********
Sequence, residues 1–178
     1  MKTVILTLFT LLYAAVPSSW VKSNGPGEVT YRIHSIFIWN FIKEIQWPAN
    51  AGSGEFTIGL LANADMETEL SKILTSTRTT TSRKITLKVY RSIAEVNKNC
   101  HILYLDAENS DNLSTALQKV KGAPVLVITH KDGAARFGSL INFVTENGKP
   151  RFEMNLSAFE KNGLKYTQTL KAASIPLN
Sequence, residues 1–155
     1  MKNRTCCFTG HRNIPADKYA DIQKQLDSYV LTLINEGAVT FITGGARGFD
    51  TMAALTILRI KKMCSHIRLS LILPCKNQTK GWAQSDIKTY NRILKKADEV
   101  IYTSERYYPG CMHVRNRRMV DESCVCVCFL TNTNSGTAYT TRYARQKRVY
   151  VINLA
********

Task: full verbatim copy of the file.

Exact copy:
Sequence, residues 1–178
     1  MKTVILTLFT LLYAAVPSSW VKSNGPGEVT YRIHSIFIWN FIKEIQWPAN
    51  AGSGEFTIGL LANADMETEL SKILTSTRTT TSRKITLKVY RSIAEVNKNC
   101  HILYLDAENS DNLSTALQKV KGAPVLVITH KDGAARFGSL INFVTENGKP
   151  RFEMNLSAFE KNGLKYTQTL KAASIPLN
Sequence, residues 1–155
     1  MKNRTCCFTG HRNIPADKYA DIQKQLDSYV LTLINEGAVT FITGGARGFD
    51  TMAALTILRI KKMCSHIRLS LILPCKNQTK GWAQSDIKTY NRILKKADEV
   101  IYTSERYYPG CMHVRNRRMV DESCVCVCFL TNTNSGTAYT TRYARQKRVY
   151  VINLA